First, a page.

Planting Season is Here. Do You Know if Your Soil Is Fertile?


Photo: Thom Kendall for Umass Amherst

Source: UMass News & Media

UMass Amherst Soil Lab Provides Fertility and Texture Analyses, Lead Screenings for $20

The UMass Extension Soil and Plant Nutrient Testing Laboratory at the University of Massachusetts Amherst is open to the public and currently testing samples to assess how well the soil will support the kinds of crops one is hoping to grow. If your soil sample is unsuited to your agricultural requirements, the lab will suggest custom measures that you can take to amend your soil. The analyses costs $20 and will be completed in only 6 – 10 business days, thanks in part to a new pH-testing robot that significantly cuts down the testing time.

“We average 15,000 soil samples a year,” says Sam Glaze-Corcoran, the soil lab’s manager, “and though we’re open all year, we get approximately 30% of our requests during the spring.” 

The soil lab focuses on the needs of agriculturalists, from backyard gardeners to landscapers, golf-course managers and commercial farmers. “Though we do a lead screening,” says Glaze-Corcoran, “we’re not focused on toxicology. Instead, you tell us what you want to grow—apples, or turf, or carrots—and we tell you if your soil has the right nutrients and pH, and how to improve it if it needs improvement.”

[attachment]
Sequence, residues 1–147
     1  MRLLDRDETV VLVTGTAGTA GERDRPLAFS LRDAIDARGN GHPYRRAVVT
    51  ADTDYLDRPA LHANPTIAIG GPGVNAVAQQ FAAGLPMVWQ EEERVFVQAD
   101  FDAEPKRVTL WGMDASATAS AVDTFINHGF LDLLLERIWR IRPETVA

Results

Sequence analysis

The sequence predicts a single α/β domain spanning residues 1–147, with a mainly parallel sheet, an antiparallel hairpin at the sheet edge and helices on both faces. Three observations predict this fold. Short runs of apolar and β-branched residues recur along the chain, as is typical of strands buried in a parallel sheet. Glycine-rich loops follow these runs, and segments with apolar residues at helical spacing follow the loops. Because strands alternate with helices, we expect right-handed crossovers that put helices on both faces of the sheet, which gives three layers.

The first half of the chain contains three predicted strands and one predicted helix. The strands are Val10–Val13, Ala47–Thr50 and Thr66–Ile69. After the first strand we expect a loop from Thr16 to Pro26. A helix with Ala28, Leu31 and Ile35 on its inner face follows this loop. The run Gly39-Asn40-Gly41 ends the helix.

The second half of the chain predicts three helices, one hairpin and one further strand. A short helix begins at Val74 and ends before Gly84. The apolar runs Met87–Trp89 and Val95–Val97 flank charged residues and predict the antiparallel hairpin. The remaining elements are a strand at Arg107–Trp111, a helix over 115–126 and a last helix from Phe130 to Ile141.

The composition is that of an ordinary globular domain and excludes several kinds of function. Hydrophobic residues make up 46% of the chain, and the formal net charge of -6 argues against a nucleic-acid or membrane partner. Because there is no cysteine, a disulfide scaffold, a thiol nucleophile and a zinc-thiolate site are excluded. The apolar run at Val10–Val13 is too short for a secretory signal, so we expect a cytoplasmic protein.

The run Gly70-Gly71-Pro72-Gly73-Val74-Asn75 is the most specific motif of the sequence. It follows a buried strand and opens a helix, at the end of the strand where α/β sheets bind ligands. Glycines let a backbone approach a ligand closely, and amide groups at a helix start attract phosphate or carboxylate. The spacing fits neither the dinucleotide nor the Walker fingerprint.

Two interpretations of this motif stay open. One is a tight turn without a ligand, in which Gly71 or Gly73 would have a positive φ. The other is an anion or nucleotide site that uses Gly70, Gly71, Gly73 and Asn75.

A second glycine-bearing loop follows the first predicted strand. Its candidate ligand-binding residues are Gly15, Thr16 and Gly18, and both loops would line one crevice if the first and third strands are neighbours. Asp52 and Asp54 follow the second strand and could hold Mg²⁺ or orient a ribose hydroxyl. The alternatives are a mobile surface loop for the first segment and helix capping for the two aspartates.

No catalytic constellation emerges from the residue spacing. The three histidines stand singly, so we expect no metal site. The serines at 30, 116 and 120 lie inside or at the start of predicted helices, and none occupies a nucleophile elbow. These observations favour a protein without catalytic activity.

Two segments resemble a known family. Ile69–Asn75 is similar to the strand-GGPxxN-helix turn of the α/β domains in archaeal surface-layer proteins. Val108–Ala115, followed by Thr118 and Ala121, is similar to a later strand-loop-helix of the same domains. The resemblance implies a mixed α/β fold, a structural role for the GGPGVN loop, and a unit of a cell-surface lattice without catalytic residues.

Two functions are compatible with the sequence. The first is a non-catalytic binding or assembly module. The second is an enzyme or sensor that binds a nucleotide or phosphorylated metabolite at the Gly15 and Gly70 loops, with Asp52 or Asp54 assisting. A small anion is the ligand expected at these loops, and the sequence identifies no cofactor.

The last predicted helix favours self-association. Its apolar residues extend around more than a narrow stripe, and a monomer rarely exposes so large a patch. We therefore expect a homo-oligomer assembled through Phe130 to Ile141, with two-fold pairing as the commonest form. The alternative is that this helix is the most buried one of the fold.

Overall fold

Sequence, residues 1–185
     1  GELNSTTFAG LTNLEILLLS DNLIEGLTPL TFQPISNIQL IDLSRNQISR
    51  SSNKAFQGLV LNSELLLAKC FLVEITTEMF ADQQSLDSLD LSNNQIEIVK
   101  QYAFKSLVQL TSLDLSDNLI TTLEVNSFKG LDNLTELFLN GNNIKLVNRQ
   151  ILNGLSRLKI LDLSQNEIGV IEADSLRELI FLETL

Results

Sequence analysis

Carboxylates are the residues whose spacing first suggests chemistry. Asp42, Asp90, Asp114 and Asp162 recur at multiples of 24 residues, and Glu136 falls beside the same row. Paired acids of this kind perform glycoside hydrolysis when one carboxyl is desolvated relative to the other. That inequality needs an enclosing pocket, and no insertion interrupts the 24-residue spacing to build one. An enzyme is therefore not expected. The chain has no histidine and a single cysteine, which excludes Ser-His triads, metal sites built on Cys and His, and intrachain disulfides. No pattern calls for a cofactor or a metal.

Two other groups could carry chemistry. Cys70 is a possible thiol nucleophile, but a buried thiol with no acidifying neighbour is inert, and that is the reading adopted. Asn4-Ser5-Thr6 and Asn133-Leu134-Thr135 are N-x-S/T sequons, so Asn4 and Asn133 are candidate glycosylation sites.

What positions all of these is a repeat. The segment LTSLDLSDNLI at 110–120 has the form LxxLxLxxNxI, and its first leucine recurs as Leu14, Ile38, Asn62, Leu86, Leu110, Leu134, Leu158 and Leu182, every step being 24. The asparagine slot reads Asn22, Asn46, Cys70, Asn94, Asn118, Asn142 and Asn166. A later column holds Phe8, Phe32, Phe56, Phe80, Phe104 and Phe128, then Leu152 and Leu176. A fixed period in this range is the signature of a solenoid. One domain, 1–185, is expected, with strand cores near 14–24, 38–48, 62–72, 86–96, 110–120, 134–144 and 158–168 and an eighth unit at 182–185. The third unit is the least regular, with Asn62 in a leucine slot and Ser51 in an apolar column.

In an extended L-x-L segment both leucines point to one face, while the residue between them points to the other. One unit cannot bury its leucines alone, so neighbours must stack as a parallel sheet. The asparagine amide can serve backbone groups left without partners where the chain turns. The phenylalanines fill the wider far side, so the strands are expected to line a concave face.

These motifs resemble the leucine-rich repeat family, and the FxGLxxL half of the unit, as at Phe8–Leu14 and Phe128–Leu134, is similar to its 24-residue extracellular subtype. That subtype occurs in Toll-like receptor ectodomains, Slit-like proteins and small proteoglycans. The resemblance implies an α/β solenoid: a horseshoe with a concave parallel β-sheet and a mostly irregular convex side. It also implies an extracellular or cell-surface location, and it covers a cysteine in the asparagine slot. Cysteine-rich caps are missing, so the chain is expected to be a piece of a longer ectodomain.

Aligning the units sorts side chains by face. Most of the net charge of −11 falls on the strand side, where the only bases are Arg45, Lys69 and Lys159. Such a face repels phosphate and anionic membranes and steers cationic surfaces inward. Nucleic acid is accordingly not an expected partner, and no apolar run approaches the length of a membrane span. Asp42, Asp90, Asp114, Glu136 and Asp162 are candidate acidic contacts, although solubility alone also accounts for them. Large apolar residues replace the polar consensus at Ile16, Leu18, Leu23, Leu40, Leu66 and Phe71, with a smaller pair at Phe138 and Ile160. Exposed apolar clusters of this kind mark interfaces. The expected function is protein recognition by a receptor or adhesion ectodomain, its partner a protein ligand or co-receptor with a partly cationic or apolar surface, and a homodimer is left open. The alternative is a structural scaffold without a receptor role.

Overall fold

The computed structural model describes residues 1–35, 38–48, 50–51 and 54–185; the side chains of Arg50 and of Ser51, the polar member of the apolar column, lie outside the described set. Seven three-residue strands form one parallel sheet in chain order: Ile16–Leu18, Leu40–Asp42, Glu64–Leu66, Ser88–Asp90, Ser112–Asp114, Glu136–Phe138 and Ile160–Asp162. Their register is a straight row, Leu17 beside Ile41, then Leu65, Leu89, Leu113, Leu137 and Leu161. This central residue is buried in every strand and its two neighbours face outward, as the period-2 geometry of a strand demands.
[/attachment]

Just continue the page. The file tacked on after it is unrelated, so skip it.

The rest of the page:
These recommendations reduce fertilizer costs, optimize productivity, support increased soil health and carbon sequestration, detect dangerous metals, support compliance with state nutrient management regulations and help prevent excess nutrients from entering the environment.

When providing one-on-one support to backyard gardeners, Glaze-Corcoran says that one of the most helpful things the lab can identify is if soil is being over-fertilized. Not only is overfertilizing a waste of money, but it can lead to issues with water contamination.

Though the lab accepts soil from anywhere in the U.S., they use a soil-chemistry profile that is specific to New England and New York. And, thanks to a recent state legislative investment in state-of-the-art technology including a pH-testing robot, the lab is able to conduct complex analyses in a fraction of the time that it took previously.

Those interested in testing their soil—whatever the season—can begin by visiting the UMass Extension Soil and Plant Nutrient Testing Lab website. In addition, this free guidebook provides instruction on how to conduct simple on-site soil tests that will complement the lab’s results.

Contacts: Sam Glaze-Corcoran,


Spread the love

Leave a Reply

The Amherst Indy welcomes your comment on this article. Comments must be signed with your real, full name & contact information; and must be factual and civil. See the Indy comment policy for more information.

Your email address will not be published. Required fields are marked *

This site uses Akismet to reduce spam. Learn how your comment data is processed.